An empirical study of continuous process improvement (CPI) regarding public management in Spanish municipalities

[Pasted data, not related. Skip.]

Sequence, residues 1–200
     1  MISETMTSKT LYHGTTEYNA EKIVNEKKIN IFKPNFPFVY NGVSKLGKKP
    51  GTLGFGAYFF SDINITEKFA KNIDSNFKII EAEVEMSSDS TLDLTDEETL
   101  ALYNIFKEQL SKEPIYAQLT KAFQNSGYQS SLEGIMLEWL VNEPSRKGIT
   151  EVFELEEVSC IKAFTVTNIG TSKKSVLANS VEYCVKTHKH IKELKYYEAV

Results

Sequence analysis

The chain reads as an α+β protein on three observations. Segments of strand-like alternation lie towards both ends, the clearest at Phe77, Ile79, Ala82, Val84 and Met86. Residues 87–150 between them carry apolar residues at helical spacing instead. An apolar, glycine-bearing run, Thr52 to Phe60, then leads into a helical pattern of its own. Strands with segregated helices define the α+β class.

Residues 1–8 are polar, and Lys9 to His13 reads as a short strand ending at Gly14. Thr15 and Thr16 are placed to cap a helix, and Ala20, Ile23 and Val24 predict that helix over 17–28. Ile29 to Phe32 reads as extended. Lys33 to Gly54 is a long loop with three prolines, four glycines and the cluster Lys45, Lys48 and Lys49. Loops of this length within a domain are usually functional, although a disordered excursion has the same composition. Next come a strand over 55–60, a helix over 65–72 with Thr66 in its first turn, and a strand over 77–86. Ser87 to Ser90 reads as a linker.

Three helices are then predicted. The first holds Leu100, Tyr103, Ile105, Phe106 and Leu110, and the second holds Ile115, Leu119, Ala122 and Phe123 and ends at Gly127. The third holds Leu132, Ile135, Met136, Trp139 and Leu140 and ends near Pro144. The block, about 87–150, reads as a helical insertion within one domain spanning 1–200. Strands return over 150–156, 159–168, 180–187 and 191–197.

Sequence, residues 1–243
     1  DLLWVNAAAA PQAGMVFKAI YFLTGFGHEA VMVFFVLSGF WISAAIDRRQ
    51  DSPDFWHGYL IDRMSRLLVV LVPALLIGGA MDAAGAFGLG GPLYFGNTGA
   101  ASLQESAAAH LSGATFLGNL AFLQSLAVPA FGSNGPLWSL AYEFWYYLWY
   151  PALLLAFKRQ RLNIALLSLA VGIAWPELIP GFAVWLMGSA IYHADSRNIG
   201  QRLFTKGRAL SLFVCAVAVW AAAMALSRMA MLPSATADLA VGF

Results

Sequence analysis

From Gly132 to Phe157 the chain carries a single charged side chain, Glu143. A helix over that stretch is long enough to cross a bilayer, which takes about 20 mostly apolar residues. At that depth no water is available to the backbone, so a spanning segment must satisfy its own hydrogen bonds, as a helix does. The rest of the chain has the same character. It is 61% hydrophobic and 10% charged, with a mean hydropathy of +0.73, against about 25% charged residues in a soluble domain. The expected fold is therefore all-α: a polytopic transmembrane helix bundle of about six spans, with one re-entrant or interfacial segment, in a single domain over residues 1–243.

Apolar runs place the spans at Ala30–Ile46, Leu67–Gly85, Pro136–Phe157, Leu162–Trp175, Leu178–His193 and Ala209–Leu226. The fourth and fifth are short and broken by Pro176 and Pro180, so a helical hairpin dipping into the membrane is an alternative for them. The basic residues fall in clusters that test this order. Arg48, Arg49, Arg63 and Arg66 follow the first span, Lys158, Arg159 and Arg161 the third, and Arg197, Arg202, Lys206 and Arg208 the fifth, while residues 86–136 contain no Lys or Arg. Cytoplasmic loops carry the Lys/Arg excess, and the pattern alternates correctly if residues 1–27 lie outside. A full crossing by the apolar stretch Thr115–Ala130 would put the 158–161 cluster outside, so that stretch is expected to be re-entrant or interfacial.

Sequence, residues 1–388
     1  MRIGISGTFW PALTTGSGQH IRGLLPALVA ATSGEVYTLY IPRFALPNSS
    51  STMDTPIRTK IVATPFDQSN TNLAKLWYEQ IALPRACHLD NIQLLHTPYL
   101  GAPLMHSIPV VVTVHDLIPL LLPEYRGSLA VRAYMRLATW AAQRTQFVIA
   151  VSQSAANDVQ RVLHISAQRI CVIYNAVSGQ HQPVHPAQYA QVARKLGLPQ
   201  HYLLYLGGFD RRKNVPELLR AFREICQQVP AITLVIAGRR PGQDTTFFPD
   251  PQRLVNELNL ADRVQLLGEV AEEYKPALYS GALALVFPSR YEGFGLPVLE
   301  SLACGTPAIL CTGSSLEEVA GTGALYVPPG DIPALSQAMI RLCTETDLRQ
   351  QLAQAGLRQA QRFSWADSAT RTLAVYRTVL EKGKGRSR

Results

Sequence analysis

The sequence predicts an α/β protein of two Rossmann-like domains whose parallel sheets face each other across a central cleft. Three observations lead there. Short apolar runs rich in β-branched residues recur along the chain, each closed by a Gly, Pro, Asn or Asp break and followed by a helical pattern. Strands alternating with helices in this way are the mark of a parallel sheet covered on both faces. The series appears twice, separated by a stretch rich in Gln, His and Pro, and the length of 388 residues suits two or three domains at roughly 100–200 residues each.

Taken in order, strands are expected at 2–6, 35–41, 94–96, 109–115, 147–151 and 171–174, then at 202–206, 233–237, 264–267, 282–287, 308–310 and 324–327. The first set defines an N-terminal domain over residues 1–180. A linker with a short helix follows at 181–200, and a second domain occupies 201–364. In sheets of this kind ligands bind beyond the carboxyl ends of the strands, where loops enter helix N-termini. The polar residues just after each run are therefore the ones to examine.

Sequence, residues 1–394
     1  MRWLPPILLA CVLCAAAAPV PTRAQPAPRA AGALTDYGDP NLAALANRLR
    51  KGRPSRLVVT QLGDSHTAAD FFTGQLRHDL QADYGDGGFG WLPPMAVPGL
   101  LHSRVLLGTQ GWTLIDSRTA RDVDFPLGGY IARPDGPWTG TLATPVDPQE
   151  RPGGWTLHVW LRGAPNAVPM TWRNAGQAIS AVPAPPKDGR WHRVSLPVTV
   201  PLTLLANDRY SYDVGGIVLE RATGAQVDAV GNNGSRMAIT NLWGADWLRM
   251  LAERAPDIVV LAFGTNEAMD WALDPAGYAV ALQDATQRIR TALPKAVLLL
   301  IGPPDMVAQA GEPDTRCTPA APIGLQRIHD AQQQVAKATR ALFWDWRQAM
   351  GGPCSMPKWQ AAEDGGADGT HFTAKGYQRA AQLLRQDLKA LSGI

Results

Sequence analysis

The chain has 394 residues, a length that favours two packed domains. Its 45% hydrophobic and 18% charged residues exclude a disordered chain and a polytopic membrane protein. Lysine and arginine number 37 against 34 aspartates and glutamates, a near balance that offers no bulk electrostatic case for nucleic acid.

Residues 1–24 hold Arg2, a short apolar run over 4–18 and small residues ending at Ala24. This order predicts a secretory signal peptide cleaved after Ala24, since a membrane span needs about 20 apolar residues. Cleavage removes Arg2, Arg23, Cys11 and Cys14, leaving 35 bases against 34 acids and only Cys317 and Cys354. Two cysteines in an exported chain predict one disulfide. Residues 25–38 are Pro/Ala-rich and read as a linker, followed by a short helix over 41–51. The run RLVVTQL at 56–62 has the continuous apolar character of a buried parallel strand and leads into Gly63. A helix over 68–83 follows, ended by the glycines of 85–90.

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1 Administración& Desarrollo T E M A S D E A D M I N I S T R A C I Ó N Y G E S T I Ó N P Ú B L I C A abstract An empirical study of how continuous process improvement has been used in public management by Spanish town councils Certain Spanish city authorities updated and improved public management by adopting a continuous process improvement (CPI) approach during the late 1980s and early 1990s to enhance their public services and operating procedures. This qualitative research regarding Spanish town councils presents the findings of an exploratory study which tried to understand how CPI was applied to public management and ascertain the impact of implementing CPI on public management. It was found that CPI was being applied during evolutionary stages and improvement activities; its impact on public management in the Spanish town councils being studied here led to both positive and neutral results. Key words: Kaizen, process improvement, local government, Spain. resumen La lógica de la modernización y mejora de la gestión pública sustentada en la aplicación de la Mejora Continua de Procesos (MCP) fue adquirida por algunos ayuntamientos españoles desde finales de la década de los ochenta y principios de los noventa, todo ello, con el fin de mejorar los servicios públicos y los procesos operativos. En esta investigación cualitativa en ayuntamientos españoles se presentan los resultados encontrados de un estudio exploratorio que ha buscado comprender cómo se aplica la Mejora Continua de Procesos (MCP) en la gestión pública?, y cómo impacta la aplicación de la MCP en la gestión pública? Los hallazgos de la investigación nos indican, que la aplicación de la MCP se presenta en forma de etapas evolutivas y actividades de mejora, mientras que el impacto que tiene la misma en ciertas particularidades de la gestión pública de los ayuntamientos estudiados, presenta resultados positivos en algunas de ellas, y en otras, impactos neutros. Palabras clave: Kaizen, mejora de procesos, gobiernos locales, España. resumo Melhora contínua dos decursos da Administração Pública. Um estudo empírico nas Câmaras Municipais da Espanha A lógica da modernização e melhora da Gestão Pública baseada na aplicação da Melhora Contínua de Processos (MCP), foi adquirida por algumas Câmaras Municipais espanholas desde o fim da década de 1980 e começo da década de 1990, a fim de melhorar os serviços públicos e os processos operativos. Nesta pesquisa qualitativa nas Câmaras Municipais espanholas, apresentam-se os resultados encontrados a partir de um estudo de busca cuja tentativa foi compreender as questões de como deve ser aplicada a Melhora Contínua de Processos (MPC) na Gestão Pública e como reage a Gestão Pública com a aplicação da MCP. As descobertas da pesquisa indicam que a aplicação da MCP se apresenta na forma de fases de evolução e atividades de melhora, no entanto que o impacto da mesma em certos assuntos da Gestão Pública desenvolvida pelas Câmaras Municipais estudadas, apresenta resultados positivos em algumas delas, e neutralidade em outras. Palavras chave: Kaizen, Melhora de Processos, Governo Local, Espanha. Recibido: febrero de 2011/Aprobado: mayo de 2011 Correspondencia: Manuel Francisco Suárez Barraza. Campus Santa Fé. Av. Carlos Lazo 100. Col. Santa Fe, México D. F. Suárez Barraza, Manuel Francisco y Ysa, Tamyko An empirical study of continuous process improvement (CPI) regarding public management in Spanish municipalities. Administración & Desarrollo, 39(53), An empirical study of continuous process improvement (CPI) regarding public management in Spanish municipalities Manuel Francisco Suárez Barraza* Tamyko Ysa** Introduction The arguments regarding gaining a competitive advantage in a specific market sector through continuous process improvement (CPI) are not very applicable to the public sector for obvious reasons, particularly local administration. However, the settings in which local governments act have also become notably modified during the last three decades (the same as in the private sector) (Prats and Català 2004). The society they serve has become more dynamic and complex, involving rapid and turbulent change (Farazmand 1999). New factors have emerged (economic, social, political, technological, cultural regarding management, knowledge and information) (Mendoza and Vernis 2008) which have led to local European and Spanish administrations undergoing profound transformations in their public management as a response to pressures from such an extremely convulsed setting (European Institute of Public Administration 2003; Martín 2005). Such panorama, the logic of modernisation 1 and improvement of public management sustained by effectiveness and efficiency (a synonym for management capacity), was acquired by some Spanish town councils at the end of the 1980s and beginning of the 1990s with the sole purpose of facing such factors of change 1 Barvadio and Novi (2004, p. 11) defined Modernisation of public management as being the set of policies and initiatives developed by different administrations whose aim was to improve citizen attention (users), the quality of the services being provided, improve internal organisation and operation (processes involved in work) and optimise available resources. * PhD in Management Science, ESADE (Universidad Ramón LLull), Barcelona, Spain Profesor Investigador de la EGADE Business School, Campus Santa Fé. correo electrónico: ** Instituto de Gobernanza y Dirección Pública. Profesora de ESADE (Universidad Ramon Llull) Doctora en Ciencias Políticas y Administración. Universidad de Barcelona correo electrónico: 75